New FCIL Librarian Series: Conferencing and Reading…and Researching, Of Course

By Jessica Pierucci

This is the second in a series of posts documenting my first year as a foreign, comparative, and international law (FCIL) librarian. I started in this newly-created role at the UCI Law Library in July 2017. The aim of this series is to document my year in the hope of inspiring aspiring FCIL librarians to join the field (and hopefully not scaring them away!) by discussing one librarian’s experience entering the field.

Happy New Year! To start off 2018, this post will cover three developments during the last few months of 2017: the IALL Annual Course, the start of my self-styled “course” in FCIL research, and a chance to truly test my skills.

IALL Annual Course

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Sculpture outside the Center for Civil and Human Rights in Atlanta, Georgia. Photo courtesy of Jessica Pierucci.

Although this is an AALL blog, I would be remiss if I didn’t dedicate part of this post to singing the praises of the International Association of Law Libraries (IALL) Annual Course in Atlanta, Georgia, which I attended right after writing my first post in this series.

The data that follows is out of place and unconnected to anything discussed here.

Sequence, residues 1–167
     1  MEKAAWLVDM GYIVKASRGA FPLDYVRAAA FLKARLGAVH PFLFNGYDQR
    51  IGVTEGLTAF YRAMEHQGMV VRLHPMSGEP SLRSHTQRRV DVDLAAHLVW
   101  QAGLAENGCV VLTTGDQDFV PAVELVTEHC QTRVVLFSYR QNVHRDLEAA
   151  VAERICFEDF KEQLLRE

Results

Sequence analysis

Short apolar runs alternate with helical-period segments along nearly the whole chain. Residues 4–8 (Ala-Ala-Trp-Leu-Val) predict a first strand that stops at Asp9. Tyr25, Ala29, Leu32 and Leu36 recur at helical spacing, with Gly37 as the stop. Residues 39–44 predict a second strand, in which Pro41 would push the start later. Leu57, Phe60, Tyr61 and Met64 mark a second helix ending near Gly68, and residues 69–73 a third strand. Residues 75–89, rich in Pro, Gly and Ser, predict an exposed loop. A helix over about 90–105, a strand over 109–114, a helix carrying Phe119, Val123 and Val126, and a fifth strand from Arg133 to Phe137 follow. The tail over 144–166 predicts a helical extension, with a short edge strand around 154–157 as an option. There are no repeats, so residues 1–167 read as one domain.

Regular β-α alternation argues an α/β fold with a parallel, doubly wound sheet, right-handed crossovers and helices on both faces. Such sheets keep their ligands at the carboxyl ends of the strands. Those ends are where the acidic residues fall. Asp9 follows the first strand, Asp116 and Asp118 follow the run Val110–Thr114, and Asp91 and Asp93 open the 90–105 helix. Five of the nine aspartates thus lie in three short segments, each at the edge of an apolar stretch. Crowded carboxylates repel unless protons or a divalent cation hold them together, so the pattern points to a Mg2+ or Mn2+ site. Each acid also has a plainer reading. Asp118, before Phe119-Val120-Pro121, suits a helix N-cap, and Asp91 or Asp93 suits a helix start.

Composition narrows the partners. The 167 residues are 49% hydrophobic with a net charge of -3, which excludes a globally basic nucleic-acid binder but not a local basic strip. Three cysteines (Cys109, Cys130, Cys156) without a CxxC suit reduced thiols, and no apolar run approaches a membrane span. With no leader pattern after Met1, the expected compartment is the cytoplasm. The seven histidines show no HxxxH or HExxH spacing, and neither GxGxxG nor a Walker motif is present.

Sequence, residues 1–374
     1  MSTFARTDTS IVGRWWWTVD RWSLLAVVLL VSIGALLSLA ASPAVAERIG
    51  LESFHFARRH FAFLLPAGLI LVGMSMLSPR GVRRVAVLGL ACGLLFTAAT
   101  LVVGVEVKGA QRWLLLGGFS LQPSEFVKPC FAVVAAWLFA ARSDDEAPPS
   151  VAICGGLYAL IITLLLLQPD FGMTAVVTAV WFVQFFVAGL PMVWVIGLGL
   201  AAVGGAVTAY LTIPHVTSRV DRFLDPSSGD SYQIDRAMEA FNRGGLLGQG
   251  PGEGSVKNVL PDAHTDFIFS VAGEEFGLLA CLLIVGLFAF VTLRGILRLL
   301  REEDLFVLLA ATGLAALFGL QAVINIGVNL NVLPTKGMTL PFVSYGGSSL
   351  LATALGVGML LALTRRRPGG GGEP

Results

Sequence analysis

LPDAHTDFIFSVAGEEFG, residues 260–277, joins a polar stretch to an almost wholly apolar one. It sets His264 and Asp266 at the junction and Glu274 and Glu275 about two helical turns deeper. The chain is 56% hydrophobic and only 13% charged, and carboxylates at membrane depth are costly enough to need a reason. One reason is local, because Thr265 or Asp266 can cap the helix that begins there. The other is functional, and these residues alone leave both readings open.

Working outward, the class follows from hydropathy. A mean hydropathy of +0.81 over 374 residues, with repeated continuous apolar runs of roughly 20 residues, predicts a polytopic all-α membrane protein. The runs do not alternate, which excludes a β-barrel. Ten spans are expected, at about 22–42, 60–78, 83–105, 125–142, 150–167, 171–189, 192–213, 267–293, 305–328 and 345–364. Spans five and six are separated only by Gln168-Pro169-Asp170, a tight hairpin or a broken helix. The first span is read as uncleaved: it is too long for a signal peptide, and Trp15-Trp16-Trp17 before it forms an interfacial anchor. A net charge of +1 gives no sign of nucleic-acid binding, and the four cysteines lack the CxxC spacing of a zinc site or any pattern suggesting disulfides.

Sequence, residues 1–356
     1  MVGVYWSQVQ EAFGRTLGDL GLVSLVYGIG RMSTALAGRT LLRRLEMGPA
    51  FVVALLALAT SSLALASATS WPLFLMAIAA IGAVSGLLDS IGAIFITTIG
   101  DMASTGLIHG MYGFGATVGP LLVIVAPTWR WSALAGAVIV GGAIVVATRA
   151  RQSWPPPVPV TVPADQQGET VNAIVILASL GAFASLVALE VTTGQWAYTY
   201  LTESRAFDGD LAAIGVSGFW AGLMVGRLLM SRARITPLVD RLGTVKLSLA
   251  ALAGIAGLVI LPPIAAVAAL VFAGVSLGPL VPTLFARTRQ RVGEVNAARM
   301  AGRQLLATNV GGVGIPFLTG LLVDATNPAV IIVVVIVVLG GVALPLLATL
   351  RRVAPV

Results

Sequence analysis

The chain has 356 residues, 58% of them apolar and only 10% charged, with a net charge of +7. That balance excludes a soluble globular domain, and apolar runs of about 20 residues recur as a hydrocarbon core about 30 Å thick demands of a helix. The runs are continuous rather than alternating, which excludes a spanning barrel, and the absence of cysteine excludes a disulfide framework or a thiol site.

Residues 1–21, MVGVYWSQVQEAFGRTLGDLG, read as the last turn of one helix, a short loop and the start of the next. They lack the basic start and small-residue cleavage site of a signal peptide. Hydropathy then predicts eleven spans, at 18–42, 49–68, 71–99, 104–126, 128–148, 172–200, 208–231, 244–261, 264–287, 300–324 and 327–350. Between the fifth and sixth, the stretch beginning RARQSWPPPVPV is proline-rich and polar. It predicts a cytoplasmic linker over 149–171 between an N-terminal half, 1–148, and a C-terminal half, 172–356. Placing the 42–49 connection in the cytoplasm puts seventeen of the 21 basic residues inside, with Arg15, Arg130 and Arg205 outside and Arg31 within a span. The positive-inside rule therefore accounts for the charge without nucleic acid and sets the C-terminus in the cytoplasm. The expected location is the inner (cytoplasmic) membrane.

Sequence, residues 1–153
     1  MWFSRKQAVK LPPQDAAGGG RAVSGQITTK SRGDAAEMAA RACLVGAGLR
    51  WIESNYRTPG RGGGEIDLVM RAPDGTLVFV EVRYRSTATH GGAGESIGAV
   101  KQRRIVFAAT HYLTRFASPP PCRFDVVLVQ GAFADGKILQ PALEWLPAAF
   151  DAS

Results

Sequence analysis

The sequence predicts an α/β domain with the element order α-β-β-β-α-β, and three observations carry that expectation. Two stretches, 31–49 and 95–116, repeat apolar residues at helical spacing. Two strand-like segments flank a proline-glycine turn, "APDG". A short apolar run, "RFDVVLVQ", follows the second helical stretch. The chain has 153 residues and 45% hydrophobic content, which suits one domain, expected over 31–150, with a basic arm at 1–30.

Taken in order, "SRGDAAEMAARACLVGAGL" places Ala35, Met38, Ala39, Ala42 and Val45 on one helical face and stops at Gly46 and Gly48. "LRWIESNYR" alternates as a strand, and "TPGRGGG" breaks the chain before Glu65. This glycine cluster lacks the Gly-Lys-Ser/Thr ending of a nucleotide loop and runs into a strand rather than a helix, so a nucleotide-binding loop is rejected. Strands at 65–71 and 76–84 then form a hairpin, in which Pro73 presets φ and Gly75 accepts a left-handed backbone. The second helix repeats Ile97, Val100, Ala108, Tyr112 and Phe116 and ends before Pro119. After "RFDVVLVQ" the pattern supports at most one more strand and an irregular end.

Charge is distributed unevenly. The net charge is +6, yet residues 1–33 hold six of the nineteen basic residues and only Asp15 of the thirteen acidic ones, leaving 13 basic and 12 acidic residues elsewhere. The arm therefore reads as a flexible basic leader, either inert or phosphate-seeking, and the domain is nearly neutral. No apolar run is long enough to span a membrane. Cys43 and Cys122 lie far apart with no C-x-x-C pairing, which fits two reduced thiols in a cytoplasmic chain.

This conference was a fantastic experience all around. The truly thought-provoking speakers, museum and library tours, and chances to socialize and network with librarians from around the world were a wonderful blend of professional development opportunities.

Given that this year’s conference was in the United States, the programming was focused on U.S. law and history. This was a fascinating opportunity to think about the international perspective on U.S. law and discuss topics of domestic and international interest, particularly how the U.S. is viewed globally and to what degree the U.S is or is not promoting civil and human rights at home and abroad. I hope to attend future IALL conferences abroad to learn about the host countries’ and regions’ legal systems directly from their local practitioners and researchers. I would highly recommend this conference to any new FCIL librarian.

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The setting for the IALL Annual Dinner at the Fernbank Museum of Natural History. Note the dinosaurs!  Photo courtesy of Jessica Pierucci.

Becoming a self-taught FCIL librarian

I returned from this conference inspired by the energy of my new colleagues and excited to spend more time in my self-study as to how to be an FCIL librarian from the ground up. From my background reading,[1] I understand that FCIL librarians made a concerted push in the 1990s to train the next generation of FCIL librarians through a series of institutes and resulting publications.[2] Since then, there has been scattered attempts to create something similar, but, as far as I am aware, nothing yet has fully come to fruition.[3] (Someone please correct me if I’m wrong!)